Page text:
Hundreds gathered at St Mary’s Pro-Cathedral for the funeral Mass following several days of prayer, tributes, Masses paying respects to Bishop Barry Jones who passed away last Saturday aged 74.Faith leaders, civic leaders and the Catholic community joined with his family for the Requiem Mass led by Cardinal John Dew yesterday.
Cardinal Dew began by acknowledging Bishop Barry’s siblings, their families and the priests, religious and lay faithful who we’re mourning the loss of their beloved brother, uncle, bishop and friend. He assured them that he and his brother bishops along with many throughout New Zealand held them in prayer at this time.
The Diocesan staff and Bishop Barry’s family had worked very hard in the last week to arrange the week of memorials which would pay a fitting tribute reflecting the spirit in which he lived and ministered to others-in a humble, prayerful and loving way.
“He was a man who didn’t like a fuss made over him, but it was important to all of us in the Diocese and wider community that, along with his two brothers and sister and family, we pray for him, pay tribute to his life, faith and ministry, and acknowledge all that his he has meant for us as a wonderful leader in the wide and rich service he has given to others as priest and Bishop.” said Fr Rick Loughnan, Administrator of the Christchurch Diocese.
“We were heartened to have Anglican Bishop Victoria Matthews attend and pay her respects. She was a supportive friend to Bishop Barry in particular in the aftermath of the Canterbury earthquakes. We were also honoured to have the Rt. Hon. Gerry Brownlee, Hon. David Carter, Hon Clayton Cosgrove and Her Worship the Mayor of Christchurch Lianne Dalziel. The presence of our civic leaders was a sign of his presence and leadership in the wider community.” Said Fr Loughnan.
Bishop Basil Meeking emeritus bishop of Christchurch gave the homily, describing the many things that Bishop Barry had been involved during his priestly ministry which spanned close to 50 years. He highlighted his grasp of tikanga Maori and Te Reo and his time as Chaplain to Maori in the Christchurch Diocese. He also described the dedication and commitment he had to his ministry and in later years to his leadership as bishop.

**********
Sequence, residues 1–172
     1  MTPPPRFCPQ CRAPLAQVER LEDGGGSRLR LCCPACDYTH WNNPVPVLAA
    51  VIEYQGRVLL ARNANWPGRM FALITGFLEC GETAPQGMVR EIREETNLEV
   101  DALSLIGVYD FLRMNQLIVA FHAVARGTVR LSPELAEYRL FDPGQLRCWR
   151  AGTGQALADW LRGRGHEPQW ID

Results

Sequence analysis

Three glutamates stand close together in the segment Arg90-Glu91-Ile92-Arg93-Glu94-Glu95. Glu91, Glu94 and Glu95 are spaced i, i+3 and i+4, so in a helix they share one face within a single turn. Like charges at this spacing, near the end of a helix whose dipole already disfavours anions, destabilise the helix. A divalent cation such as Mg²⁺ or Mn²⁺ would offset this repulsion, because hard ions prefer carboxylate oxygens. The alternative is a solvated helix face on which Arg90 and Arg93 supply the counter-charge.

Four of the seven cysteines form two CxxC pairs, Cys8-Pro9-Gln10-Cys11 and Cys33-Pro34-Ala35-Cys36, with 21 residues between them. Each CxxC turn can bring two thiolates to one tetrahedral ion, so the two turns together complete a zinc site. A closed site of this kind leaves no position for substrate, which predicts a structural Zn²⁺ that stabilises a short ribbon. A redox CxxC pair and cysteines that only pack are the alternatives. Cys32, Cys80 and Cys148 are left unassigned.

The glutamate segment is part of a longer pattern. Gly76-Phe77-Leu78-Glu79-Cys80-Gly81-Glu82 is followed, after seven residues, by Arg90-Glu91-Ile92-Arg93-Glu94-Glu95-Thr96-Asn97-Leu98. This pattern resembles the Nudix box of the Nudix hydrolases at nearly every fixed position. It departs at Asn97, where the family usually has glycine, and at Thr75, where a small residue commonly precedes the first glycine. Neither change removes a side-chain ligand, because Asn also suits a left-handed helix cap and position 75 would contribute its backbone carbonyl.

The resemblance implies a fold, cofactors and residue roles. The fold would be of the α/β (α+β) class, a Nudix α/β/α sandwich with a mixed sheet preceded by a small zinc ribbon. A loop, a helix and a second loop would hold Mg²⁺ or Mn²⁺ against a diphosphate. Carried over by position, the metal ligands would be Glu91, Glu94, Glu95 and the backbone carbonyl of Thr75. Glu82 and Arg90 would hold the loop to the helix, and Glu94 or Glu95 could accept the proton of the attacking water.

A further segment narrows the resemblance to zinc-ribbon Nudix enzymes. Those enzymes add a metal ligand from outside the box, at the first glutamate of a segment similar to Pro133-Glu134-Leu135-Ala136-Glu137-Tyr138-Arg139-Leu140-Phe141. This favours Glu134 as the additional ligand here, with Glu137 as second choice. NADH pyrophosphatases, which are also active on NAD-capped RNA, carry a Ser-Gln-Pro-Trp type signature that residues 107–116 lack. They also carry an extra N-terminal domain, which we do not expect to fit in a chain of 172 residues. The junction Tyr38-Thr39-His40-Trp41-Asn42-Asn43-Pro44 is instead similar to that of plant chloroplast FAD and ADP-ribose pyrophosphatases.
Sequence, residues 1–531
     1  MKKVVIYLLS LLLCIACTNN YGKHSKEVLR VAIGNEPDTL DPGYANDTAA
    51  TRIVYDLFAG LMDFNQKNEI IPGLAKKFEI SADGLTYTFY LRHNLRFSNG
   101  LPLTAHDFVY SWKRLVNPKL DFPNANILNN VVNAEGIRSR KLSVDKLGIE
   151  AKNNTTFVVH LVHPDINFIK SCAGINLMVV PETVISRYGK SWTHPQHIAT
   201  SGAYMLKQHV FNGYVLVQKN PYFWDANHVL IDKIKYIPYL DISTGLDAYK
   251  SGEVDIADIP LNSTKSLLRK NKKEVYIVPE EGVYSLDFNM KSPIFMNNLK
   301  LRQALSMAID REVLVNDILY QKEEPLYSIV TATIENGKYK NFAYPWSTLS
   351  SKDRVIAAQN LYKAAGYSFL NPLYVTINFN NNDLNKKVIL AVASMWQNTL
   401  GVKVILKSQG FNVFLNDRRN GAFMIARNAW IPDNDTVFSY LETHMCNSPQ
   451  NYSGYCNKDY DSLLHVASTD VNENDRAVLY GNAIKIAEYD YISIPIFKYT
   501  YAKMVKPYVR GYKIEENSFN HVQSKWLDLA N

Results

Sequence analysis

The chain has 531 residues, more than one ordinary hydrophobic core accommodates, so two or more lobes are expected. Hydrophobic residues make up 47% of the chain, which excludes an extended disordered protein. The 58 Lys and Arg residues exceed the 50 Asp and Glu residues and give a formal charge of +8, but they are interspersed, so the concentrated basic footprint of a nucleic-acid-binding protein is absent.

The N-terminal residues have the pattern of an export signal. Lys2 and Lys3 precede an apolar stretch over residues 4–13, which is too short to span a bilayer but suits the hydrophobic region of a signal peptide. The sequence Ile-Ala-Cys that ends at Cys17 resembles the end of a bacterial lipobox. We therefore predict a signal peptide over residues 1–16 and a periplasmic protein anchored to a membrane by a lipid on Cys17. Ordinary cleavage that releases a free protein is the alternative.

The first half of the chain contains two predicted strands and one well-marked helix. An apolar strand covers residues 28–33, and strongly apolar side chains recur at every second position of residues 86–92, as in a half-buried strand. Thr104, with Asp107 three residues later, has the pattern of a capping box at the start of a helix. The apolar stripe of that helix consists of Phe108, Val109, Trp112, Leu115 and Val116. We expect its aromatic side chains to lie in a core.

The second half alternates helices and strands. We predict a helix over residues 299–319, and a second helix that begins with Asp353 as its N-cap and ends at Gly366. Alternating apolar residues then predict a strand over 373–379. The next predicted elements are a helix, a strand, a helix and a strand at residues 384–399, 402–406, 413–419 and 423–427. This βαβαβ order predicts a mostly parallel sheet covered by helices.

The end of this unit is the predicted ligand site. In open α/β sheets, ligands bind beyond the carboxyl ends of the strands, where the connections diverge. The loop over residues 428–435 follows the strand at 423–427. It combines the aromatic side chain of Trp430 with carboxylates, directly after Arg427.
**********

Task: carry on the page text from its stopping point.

His ministry to Maori as a priest and then later as a bishop was a big part of his life. So it was fitting that he spent some time lying in state in the care of Te Rangimarie Marae on Thursday.
“His time this week at Te Rangimarie was moving and very special – many people took time to pay their respects, both from the Catholic and the wider Maori community. Also the Samoan community was invited to pay their respects to the Bishop at Te Rangimarie.” Fr Loughnan said.
Bishop Barry was very supportive of the Carmelite sisters in Christchurch and his body was taken to the Carmelite monastery at the start of the week. During those days the Carmelite nuns prayed the morning and evening prayer of the Church and stayed vigil by his side overnight.
Bishop Barry’s Funeral
Sounds Catholic has produced a programme of the Vigil and Funeral Masses offered for Bishop Barry in the Pro-Cathedral
View a copy of the Mass booklet used at the Vigil Mass and the Requiem
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